“When the first bill was paid, I thought, my God, my God, I’m really going to do it… My wish was to have some extra money so that I could pay it off faster. I think I ended up spending $ 3,000 in taxes because I wanted to finish. ”
In four years, she made lemonade with lemons …
Many agree that teachers are poorly paid, especially if they are at the bottom of the salary scale. In the bottom 10%, they can only earn $ 37,000 per year, while the top 10% could earn up to $ 97,000. Factors that affect a teacher’s salary include status, the class they teach, the school they work in, and their level of experience. For those at the bottom of the spectrum, paying over $ 30,000 in debt can seem impossible.
Reb0und started the process by reducing or eliminating the interest rates on each card.
“Some were at 22%, reduced to 10. Others were about 15 and knocked down to 0. So, I knew it would make a big difference once you start negotiating,” says Susan.
With little or no interest to pay, it was easier to develop a simple and less expensive payment plan. In the fourth year, Susan was ready to pay off her balances. She explains that she feels an incredible sense of relief after finally paying it off.
Susan learned essential skills in dealing with money …
One of the most valuable lessons Susan has learned from the Reb0und Program is how to spend more consciously. For her, that meant focusing on the essentials and avoiding habits that could make her appropriate again.
Susan has adopted positive habits, such as using only credit cards to buy what she can afford and paying off balances before the end of each pay period.
“Now we only have one credit card, and we only use it when we have money in the bank account to buy whatever we want to buy anyway, so we buy our food with the card, then we take the money straight from the bank and completely pay off the card. Whatever we put in there, we pay it immediately. ”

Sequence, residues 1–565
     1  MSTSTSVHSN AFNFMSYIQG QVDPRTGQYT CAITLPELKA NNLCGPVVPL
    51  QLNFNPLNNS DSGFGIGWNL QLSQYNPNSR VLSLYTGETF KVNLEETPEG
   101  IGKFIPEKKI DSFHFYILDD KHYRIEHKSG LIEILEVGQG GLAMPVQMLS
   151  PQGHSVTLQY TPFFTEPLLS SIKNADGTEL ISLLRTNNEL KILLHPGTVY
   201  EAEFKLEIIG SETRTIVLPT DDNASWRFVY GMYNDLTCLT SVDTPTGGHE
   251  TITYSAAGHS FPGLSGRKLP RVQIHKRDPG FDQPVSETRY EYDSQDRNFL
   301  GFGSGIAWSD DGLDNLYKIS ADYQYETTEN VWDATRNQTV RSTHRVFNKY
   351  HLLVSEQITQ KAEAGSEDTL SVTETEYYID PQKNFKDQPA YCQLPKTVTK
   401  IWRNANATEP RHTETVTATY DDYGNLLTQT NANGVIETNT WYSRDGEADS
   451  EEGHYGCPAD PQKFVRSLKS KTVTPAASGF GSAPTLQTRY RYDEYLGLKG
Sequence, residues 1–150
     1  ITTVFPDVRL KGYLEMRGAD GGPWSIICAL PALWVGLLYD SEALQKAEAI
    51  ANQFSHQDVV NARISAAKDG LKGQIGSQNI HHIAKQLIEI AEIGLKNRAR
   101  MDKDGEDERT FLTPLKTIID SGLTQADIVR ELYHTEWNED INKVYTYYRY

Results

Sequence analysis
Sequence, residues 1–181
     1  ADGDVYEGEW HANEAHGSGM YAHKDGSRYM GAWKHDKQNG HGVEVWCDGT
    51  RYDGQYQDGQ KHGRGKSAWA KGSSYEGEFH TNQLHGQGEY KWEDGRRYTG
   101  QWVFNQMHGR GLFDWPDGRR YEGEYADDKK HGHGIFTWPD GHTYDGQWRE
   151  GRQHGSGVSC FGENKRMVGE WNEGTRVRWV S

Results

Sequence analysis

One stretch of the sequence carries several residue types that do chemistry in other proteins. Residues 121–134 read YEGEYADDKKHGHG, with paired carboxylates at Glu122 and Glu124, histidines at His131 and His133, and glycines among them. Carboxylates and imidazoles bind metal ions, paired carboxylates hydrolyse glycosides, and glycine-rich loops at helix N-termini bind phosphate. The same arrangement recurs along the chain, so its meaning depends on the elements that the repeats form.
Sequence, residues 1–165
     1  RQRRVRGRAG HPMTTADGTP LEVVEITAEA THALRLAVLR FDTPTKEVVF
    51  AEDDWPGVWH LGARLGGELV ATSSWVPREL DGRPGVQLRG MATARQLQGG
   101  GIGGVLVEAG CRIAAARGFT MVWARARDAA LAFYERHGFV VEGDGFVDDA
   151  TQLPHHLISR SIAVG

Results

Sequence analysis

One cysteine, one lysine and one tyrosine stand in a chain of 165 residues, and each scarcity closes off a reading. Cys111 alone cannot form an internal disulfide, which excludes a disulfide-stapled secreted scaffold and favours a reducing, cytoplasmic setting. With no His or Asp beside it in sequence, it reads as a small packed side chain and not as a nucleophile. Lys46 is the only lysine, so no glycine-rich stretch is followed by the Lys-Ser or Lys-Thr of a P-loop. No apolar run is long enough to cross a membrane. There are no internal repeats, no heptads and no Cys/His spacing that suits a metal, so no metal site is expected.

She adopted the same practice for paying medical bills. Considering that a third of credit card users are in debt due to medical bills, this is a great way to avoid it.
Her mission is, therefore, to share her new knowledge …
Schools don’t teach financial education unless you take a finance-related course. However, Susan took the initiative and stayed committed to the cause.
“Since joining the program, I have taught other people how to improve their creditworthiness. I am a teacher, I am 50 years old, but I teach a lot of young children. I pass these lessons on to my students. ”
Susan also emphasizes the importance of not borrowing for retirement. Many Americans like to retire by age 67 but often cannot afford it. Ameritrade surveyed 2,000 adults aged 40 to 79 to see if they were on track to retire. The survey found that 41% of 40-year-olds and 28% of 60-year-olds saved less than $50,000 for retirement.
She explains, “I always tell them not to borrow for their retirement. I did it twice, thinking in my head that what I was going to do was so important that I had to do it, I could have retired this year, but I had to work 14 more years … ”
This is golden advice if you are planning to retire early.
Reb0und Wasn’t Too Good to Be True …
When asked how Susan felt after the last payment, she replied, “I wasn’t sure it was real. I was happy I had learned a lot by that time about how not to do things just by reading the things you posted and reading the stories of others. I knew I would never bring myself back into such a situation. ”
Here is her advice for those skeptical about getting help.
“Trust the process. It really works. Know that people have been in your situation and have succeeded in setting themselves free from debt.”
Debt can have a happy ending when you get professional help. If you can relate to this story and are also battling debt, you are not alone. Speak to one of our counselors today to see how they can help you.